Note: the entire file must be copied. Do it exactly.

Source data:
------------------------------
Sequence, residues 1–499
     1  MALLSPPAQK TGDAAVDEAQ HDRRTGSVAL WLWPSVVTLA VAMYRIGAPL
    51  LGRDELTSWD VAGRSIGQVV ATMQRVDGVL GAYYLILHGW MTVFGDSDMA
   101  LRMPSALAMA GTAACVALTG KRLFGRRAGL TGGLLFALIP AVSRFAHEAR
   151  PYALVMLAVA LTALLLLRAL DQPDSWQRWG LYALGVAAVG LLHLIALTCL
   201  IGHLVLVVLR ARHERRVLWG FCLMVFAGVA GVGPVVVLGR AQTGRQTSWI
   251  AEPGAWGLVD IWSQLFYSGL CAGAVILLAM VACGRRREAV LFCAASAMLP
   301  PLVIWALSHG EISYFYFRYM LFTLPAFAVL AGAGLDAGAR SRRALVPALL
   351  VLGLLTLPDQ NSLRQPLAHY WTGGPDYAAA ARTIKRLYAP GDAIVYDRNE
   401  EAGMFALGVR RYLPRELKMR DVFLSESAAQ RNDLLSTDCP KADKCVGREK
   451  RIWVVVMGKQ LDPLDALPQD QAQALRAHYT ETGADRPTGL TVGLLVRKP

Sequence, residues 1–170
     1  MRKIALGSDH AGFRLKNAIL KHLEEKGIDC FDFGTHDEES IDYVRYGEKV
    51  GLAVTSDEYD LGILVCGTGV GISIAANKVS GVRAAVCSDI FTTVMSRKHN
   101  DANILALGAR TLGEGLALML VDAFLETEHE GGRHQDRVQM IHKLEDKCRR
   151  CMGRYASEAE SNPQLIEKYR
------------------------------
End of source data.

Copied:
Sequence, residues 1–499
     1  MALLSPPAQK TGDAAVDEAQ HDRRTGSVAL WLWPSVVTLA VAMYRIGAPL
    51  LGRDELTSWD VAGRSIGQVV ATMQRVDGVL GAYYLILHGW MTVFGDSDMA
   101  LRMPSALAMA GTAACVALTG KRLFGRRAGL TGGLLFALIP AVSRFAHEAR
   151  PYALVMLAVA LTALLLLRAL DQPDSWQRWG LYALGVAAVG LLHLIALTCL
   201  IGHLVLVVLR ARHERRVLWG FCLMVFAGVA GVGPVVVLGR AQTGRQTSWI
   251  AEPGAWGLVD IWSQLFYSGL CAGAVILLAM VACGRRREAV LFCAASAMLP
   301  PLVIWALSHG EISYFYFRYM LFTLPAFAVL AGAGLDAGAR SRRALVPALL
   351  VLGLLTLPDQ NSLRQPLAHY WTGGPDYAAA ARTIKRLYAP GDAIVYDRNE
   401  EAGMFALGVR RYLPRELKMR DVFLSESAAQ RNDLLSTDCP KADKCVGREK
   451  RIWVVVMGKQ LDPLDALPQD QAQALRAHYT ETGADRPTGL TVGLLVRKP

Sequence, residues 1–170
     1  MRKIALGSDH AGFRLKNAIL KHLEEKGIDC FDFGTHDEES IDYVRYGEKV
    51  GLAVTSDEYD LGILVCGTGV GISIAANKVS GVRAAVCSDI FTTVMSRKHN
   101  DANILALGAR TLGEGLALML VDAFLETEHE GGRHQDRVQM IHKLEDKCRR
   151  CMGRYASEAE SNPQLIEKYR